Read it for yourself.
Posted by Earl on another site. If you believe that bacteria in a dog's gut is capable of synthesising dermorphin, then the greyhound industry is done for. The heading clearly says Dermorphin production by bacteria. Nothing to do with nobbling.
Dermorphin Production by Bacteria
Distinct pathways for modification of the bacterial cell wall by non-canonical D-amino acids
Non canonical amino acids are amino acids that are not one of the 20 amino acids normally found in structural proteins in animals.
L,D-transpeptidases incorporate non-canonical D-amino acids into tetrapeptides of V. cholerae PG.
The difference between efficiencies for the forward (D-Ala → D-Met) and reverse (D-Met → D-Ala) reactions suggests that accumulation of D-Met muropeptides would be favoured in vivo, even if both D-Met and D-Ala were simultaneously present at similar concentrations. Therefore, in stationary phase, when D-Met is present, LdtA is likely to promote accumulation of muro4M peptides, rather than a continual exchange of the C-terminal amino acid within tetrapeptides.
Muro4 peptides are tetrapeptides used in the formation of bacterial cell walls.
In natural environments, bacterial communities typically contain multiple species (Straight and Kolter, 2009), which could produce a variety of D-amino acids (Lam et al, 2009)
The D-amino acid in Dermorphin is D-Arginine which according to the above article could possibly be produced by naturally occurring bacterial communities, eg, in the intestine.
Different processes control formation of D-Met muropeptides in bacteria
To begin to explore whether the pathways for incorporation of NCDAAs are conserved, we assessed whether D-Met was targeted to equivalent muropeptides within diverse species, and whether mutations and antibiotics have uniform effects upon D-Met incorporation. Unexpectedly, these assays revealed that only V. cholerae and C. crescentus incorporate NCDAAs into both tetrapeptides and pentapeptides, although C. crescentus, unlike V. cholerae, contains predominantly muro5M (Figure 4D; Supplementary Figure S1). PG from all other organisms tested contained just one of the two classes of peptides. Following growth in media supplemented with D-Met, muro4M peptides were detected in PG from E. coli and P. aeruginosa, while muro5M peptides were detected in PG from B. subtilis, E. faecalis and S. aureus (Figure 4D;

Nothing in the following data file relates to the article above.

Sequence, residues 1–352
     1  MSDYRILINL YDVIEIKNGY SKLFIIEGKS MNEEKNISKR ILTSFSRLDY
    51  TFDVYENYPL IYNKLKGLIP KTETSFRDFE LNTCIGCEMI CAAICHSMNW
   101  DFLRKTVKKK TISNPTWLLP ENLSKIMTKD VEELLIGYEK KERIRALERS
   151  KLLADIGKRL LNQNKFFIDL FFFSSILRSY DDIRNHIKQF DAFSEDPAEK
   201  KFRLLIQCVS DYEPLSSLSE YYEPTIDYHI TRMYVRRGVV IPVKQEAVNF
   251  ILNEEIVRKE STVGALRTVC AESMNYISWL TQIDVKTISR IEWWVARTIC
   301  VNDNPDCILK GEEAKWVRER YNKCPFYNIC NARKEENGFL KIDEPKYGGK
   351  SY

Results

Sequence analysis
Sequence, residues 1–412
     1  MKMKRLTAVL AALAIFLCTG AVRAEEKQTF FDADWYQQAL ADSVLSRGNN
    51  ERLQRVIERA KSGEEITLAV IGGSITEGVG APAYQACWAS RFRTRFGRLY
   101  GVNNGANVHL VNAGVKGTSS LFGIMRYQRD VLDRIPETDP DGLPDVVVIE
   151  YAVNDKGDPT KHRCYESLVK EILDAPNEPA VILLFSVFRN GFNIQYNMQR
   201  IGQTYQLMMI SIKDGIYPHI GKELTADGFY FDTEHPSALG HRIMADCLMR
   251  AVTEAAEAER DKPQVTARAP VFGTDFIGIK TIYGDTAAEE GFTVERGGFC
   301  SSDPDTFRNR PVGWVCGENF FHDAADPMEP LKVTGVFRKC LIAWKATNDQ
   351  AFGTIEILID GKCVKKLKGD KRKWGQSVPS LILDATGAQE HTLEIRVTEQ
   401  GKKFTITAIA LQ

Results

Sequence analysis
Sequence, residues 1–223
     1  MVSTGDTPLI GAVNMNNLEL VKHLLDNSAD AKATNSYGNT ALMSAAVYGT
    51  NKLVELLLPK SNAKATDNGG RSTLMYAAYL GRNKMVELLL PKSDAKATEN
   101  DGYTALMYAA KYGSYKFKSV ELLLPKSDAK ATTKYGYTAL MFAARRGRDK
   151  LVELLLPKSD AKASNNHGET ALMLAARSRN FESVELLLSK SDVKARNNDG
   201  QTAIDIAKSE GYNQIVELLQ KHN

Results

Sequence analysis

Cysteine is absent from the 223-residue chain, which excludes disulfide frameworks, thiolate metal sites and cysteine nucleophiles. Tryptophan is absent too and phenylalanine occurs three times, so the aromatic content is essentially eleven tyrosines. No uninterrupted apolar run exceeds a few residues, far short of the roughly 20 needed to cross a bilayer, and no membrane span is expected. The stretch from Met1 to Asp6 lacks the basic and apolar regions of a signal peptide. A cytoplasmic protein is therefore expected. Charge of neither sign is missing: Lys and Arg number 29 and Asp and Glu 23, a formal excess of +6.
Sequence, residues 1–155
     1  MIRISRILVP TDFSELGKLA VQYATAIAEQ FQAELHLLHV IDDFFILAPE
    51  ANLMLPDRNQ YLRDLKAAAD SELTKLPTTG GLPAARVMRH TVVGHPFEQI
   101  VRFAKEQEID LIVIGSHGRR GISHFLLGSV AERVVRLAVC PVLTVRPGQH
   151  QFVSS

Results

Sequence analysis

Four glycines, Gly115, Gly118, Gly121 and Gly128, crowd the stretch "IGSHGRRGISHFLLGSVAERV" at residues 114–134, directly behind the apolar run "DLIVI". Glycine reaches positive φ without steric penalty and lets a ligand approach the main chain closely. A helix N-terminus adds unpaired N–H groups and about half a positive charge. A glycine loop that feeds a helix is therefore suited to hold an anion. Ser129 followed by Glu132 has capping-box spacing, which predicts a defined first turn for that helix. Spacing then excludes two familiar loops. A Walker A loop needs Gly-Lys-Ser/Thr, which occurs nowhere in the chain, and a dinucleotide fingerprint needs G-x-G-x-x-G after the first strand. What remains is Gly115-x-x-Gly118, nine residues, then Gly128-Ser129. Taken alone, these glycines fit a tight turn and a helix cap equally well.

E.coli is a naturally occuring bacteria in mammalian intestines.
NCDAAs, such as D-Met, are incorporated at two distinct sites within V. cholerae PG subunits. The majority of D-Met (80%) is present as the C-terminal amino acid within monomeric or dimeric tetramers (muro4M), while the remainder comprises the C-terminal amino acid within pentapeptides (muro5M). Formation of muro4M peptides is dependent upon Ldts, inner membrane-anchored periplasmic proteins that catalyse L,D crosslinking of muropeptides and linkage of lipoprotein Lpp to PG (Magnet et al, 2007b,
In vitro characterization of a purified Ldt from V. cholerae (LdtA) revealed that it can exchange the C-terminal amino acid of a variety of tetrapeptide substrates. However, LdtA is more efficient at catalysing exchange in dimeric than in monomeric substrates, and it more readily catalyses replacement of D-Ala by D-Met than the reverse reaction. The latter finding indicates that LdtA should promote muro4M accumulation in stationary phase, when NCDAAs are produced. LdtA can accept many D-amino acids as substrates, a flexibility that may enable reaction to the range of D-amino acids produced during stationary phase by diverse organisms in the natural environment.